Few cities in the Americas can compete with Panama City when it comes to things to see and do. Some travelers spend their entire visit in and around Panama City, touring sights such as the historical ruins of Panama Viejo, walking the enchanting streets of Casco Viejo, visiting Natural Metropolitan Park, or strolling along the Amador Causeway. Visitors can also head outside the city limits for day excursions such as boating in the canal, bird-watching and trekking in Soberanía National Park, and visiting Emberá Indian villages.
It is recommended that travelers book a city tour; transportation is included, and the experience is enriched by interpretative background provided by a bilingual guide. Half-day city tours include a morning visit to Old Panama and Casco Viejo; full-day tours head to the Miraflores Locks at the canal in the afternoon. Panama Tour Bus tel. 264-4466; www.panamatourbus.com) offers a bilingual hop on, hop off tour that picks you up at your hotel -- or the hotel closest to you -- with stops at the Panama Canal, Albrook Shopping Mall, the Amador Causeway, and Casco Viejo. Tours cost $30 (£15). There's no need to buy tickets ahead of time, just call ahead to find out what time they'll be picking passengers up at your hotel. Ancon Expeditions (tel. 269-9415; www.anconexpeditions.com), Gloria Mendez Tours (tel. 263-6555; www.viajesgloriamendez.com), Panama Travel Experts (tel. 265-5323; www.panamatravelexperts.com), and Pesantez Tours (tel. 263-8771; www.pesantez-tours.com), also offer full and half-day tours of Panama City and the surrounding area.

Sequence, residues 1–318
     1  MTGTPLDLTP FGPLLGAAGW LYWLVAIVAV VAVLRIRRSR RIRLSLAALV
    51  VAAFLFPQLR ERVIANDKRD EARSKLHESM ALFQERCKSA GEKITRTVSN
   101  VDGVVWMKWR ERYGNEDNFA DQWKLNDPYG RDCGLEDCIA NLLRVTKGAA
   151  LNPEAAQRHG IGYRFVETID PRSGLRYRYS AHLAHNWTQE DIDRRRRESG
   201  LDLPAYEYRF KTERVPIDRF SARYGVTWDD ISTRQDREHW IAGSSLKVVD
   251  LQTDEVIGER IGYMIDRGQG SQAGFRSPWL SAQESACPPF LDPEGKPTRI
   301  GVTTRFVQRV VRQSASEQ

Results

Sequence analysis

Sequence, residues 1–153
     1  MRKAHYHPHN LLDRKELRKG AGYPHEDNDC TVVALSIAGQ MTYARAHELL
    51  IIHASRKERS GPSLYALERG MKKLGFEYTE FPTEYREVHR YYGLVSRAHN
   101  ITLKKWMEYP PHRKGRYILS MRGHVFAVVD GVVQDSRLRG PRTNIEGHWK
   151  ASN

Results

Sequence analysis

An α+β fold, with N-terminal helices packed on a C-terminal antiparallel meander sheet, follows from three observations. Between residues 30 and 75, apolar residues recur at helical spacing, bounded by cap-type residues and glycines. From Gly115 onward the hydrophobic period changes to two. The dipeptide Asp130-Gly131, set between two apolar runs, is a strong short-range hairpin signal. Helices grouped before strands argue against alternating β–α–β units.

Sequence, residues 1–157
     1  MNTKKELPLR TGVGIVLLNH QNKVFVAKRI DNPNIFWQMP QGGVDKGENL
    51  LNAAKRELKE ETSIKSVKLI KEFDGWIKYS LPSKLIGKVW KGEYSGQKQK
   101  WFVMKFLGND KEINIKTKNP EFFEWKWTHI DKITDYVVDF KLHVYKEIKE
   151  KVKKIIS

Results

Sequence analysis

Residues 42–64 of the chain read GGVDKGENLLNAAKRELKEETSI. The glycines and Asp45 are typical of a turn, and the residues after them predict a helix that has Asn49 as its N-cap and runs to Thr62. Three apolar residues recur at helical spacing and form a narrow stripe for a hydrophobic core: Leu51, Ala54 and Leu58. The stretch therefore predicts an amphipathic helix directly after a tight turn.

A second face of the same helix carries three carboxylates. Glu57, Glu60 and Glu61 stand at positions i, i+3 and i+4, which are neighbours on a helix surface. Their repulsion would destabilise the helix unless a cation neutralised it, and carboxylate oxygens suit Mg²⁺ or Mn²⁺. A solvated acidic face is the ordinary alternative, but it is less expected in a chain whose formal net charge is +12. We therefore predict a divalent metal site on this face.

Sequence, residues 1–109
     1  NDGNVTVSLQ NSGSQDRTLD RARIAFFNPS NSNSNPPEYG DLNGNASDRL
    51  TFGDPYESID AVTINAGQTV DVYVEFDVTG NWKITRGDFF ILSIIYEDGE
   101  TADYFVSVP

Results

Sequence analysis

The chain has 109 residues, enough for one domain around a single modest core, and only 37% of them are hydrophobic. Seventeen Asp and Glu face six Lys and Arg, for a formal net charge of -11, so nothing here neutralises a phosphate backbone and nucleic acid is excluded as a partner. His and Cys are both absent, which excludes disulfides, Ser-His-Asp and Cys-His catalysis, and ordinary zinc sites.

If you want to see Panama City on your own, taxi drivers charge between $15 and $25 (£7.50-£13) per hour. Every hotel has a personal recommendation for a private cab and can arrange the details.
Museums -- Museums across Panama are under-funded and poorly staffed, and the story here in the capital isn't any different just because it's a metropolitan city. Things could change when the Museo Antroologico Reina Torres fully reopens at its new location on the edge of Parque Natural Metropolitano. The project is far behind schedule and currently only one exhibition is open to the public, but the museum should be up and running by early 2009. The Canal Museum in Casco Viejo has modernized its tours, with bilingual interpretive signs and guides.
Beyond this, most museums in Panama City are worth visiting only if you happen to already be in the neighborhood. Perhaps local indifference to the city's museums arises from the fact that many are closed on Saturday, Sunday, and holidays -- the very time when most locals are able to visit. Volunteers and nonprofit organizations are the ones who keep the museums hanging in there, sometimes only by a thread.